Two of the CIA’s case officers in Vienna, Henry Pelham and Celia Harrison, were lovers at the time, and on the night of the hostage crisis Celia decided she’d had enough. She left the agency, married and had children, and is now living an ordinary life in the idyllic town of Carmel-by-the-Sea. Henry is still a case officer in Vienna, and has traveled to California to see her one more time, to relive the past, maybe, or to put it behind him once and for all.

But neither of them can forget that long-ago question: Had their agent been compromised? If so, how? Each also wonders what role tonight’s dinner companion might have played in the way the tragedy unfolded six years ago.

All the Old Knives is New York Times bestseller Olen Steinhauer’s most intimate, most cerebral, and most shocking novel to date.

Tag! Author Post

If you’re going to write, you have to enjoy your own company because most of the time it’s a solitary endeavor. So when you come across a kindred spirit during the process, it’s a welcome bonus!

Donnie Light is definitely a kindred spirit. I met Donnie when I hired him to format my novel. He’s the consummate professional who is now devoting himself to working on his own books, including a new novel titled Delaney’s Cure. This thriller is about dogs in a small town who suddenly turn vicious and begin attacking the owners who love them.

Donnie recently tagged me in his blog post, for which I’m grateful. Check him out on Amazon  and his website and blog. Author tagging offers writers the opportunity to answer a few questions about their writing, gives a shout-out to the tagging author, and invites others downstream to participate. So here goes!

What are you working on right now?

My first book, Stunner: A Ronnie Lake Mystery, was a suspenseful mystery about family loyalty and possible betrayal, but my current WIP is a traditional mystery where someone is murdered early in the story. So it will be subtitled A Ronnie Lake Murder Mystery, and there’s also an important romance for Ronnie in this story. I write daily, and I’m probably two-thirds into the first draft.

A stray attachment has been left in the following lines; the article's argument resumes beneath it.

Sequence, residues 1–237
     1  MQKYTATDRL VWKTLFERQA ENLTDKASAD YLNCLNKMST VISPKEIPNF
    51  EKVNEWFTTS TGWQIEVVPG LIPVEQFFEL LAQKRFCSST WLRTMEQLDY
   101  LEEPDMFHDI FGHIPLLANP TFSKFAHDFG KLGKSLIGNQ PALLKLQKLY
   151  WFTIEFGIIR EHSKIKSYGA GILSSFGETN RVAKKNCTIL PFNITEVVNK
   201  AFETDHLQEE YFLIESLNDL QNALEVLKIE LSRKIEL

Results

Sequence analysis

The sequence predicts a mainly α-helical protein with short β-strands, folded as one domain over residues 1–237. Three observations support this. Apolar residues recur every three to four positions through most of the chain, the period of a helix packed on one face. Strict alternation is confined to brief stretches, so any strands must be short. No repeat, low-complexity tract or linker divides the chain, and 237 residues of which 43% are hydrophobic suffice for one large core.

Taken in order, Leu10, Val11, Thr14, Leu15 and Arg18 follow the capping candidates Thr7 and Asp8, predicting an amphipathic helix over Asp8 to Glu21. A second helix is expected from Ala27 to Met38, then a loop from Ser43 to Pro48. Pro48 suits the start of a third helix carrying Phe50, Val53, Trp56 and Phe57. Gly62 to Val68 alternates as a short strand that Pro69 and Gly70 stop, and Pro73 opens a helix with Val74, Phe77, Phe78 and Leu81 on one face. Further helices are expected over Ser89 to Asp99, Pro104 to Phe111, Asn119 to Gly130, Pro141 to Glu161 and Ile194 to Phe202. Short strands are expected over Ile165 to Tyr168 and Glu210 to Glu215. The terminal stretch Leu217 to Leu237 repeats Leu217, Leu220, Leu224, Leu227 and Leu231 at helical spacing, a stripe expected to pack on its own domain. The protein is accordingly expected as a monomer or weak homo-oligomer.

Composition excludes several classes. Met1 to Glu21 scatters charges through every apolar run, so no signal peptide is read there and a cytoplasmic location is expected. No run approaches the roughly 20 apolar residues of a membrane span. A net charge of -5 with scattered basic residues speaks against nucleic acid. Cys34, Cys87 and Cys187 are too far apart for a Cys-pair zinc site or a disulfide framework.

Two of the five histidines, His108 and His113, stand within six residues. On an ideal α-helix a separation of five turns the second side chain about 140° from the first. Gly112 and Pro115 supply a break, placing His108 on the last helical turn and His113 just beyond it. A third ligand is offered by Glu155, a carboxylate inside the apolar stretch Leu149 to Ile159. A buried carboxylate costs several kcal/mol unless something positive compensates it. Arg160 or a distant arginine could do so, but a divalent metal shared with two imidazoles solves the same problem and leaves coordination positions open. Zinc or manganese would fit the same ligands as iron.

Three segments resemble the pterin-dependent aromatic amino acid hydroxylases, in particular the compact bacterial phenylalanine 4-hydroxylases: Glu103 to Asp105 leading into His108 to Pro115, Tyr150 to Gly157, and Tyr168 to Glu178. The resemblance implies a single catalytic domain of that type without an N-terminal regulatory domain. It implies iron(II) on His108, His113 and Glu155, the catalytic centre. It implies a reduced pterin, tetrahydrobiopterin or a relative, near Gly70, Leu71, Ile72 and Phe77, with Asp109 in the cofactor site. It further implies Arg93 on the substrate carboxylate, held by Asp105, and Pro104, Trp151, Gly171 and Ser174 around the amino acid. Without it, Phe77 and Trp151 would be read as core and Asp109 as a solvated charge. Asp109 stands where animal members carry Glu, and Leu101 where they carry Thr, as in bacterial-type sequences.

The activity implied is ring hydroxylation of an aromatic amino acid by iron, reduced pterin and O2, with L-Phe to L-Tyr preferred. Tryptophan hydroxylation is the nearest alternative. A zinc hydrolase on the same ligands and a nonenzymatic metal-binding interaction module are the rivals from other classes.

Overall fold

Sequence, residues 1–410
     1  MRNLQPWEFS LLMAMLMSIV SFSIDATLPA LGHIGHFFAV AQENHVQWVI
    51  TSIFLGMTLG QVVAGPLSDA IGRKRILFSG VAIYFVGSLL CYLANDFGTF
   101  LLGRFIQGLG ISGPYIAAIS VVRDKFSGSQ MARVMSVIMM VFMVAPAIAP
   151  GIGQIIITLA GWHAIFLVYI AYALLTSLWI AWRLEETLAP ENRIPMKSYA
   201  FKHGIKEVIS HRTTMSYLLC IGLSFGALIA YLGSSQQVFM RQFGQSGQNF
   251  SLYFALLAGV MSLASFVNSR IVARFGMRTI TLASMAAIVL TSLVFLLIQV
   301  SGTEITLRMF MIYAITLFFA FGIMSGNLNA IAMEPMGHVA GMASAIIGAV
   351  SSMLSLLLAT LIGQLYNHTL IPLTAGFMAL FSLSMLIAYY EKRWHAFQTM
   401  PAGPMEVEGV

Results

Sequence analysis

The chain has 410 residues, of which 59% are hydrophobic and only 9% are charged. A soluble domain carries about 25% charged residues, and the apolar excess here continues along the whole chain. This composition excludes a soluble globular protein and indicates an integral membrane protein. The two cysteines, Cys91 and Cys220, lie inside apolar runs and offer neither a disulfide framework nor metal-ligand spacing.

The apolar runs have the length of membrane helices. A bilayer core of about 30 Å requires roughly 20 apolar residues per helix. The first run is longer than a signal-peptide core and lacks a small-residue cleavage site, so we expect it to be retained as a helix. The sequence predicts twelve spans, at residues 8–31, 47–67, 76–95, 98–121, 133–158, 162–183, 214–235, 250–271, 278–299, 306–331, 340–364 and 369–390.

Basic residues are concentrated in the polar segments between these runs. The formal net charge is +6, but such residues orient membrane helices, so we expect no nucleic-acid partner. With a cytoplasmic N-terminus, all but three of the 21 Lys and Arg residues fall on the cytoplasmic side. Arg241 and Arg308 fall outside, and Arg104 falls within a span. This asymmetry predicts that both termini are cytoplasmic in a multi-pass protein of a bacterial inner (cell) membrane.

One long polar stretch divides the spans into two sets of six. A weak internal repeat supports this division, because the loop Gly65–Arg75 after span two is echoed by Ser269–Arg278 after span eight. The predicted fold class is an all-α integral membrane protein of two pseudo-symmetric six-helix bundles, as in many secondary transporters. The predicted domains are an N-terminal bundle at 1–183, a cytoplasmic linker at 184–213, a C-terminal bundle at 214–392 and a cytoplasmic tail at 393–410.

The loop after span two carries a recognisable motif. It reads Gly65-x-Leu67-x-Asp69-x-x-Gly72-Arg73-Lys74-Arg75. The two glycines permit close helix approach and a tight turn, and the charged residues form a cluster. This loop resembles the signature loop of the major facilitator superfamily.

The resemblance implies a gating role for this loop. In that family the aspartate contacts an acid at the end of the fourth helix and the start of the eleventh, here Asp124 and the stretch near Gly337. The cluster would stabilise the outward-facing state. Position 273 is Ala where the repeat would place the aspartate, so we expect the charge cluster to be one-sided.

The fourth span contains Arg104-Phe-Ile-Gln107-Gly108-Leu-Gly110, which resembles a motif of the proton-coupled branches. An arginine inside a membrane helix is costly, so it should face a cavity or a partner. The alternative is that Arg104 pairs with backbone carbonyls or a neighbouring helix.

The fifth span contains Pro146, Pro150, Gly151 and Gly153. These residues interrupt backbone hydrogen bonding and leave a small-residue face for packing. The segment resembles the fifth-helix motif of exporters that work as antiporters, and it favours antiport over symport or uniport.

How do your stories differ from others in the genre?

My protagonist, Ronnie Lake, is a fifty-something mid-life character who is divorced and was recently down-sized out of her corporate career. In Stunner, she was trying to figure out her next act when her niece comes to her in a panic that her recently widowed father (Ronnie’s brother) may want to marry again. It’s not only that his intended is a much younger woman, but that strange events have been happening ever since they’ve come home. Ronnie’s niece suggests they hire a private investigator, but Ronnie decides to see what she can find out on her own first. After all, how hard can it be? Bottom line—this is a story with a universal theme about betrayal and family loyalty with a protagonist who is not afraid to jump into a new endeavor as an amateur detective.

Why do you write what you do?

I can speak from the heart when it comes to the challenges of figuring out how to best navigate the babyboomer experience or mid-life adventure, so there was never a doubt that my lead character would fit that mold. And I love mystery, suspense, and thrillers, so I explore the mid-life experience within the context of those genres. I do believe in stretching beyond this category. I’m also working on a tween girls mystery with a writing partner, which we plan to publish later this year.

How does the writing process work?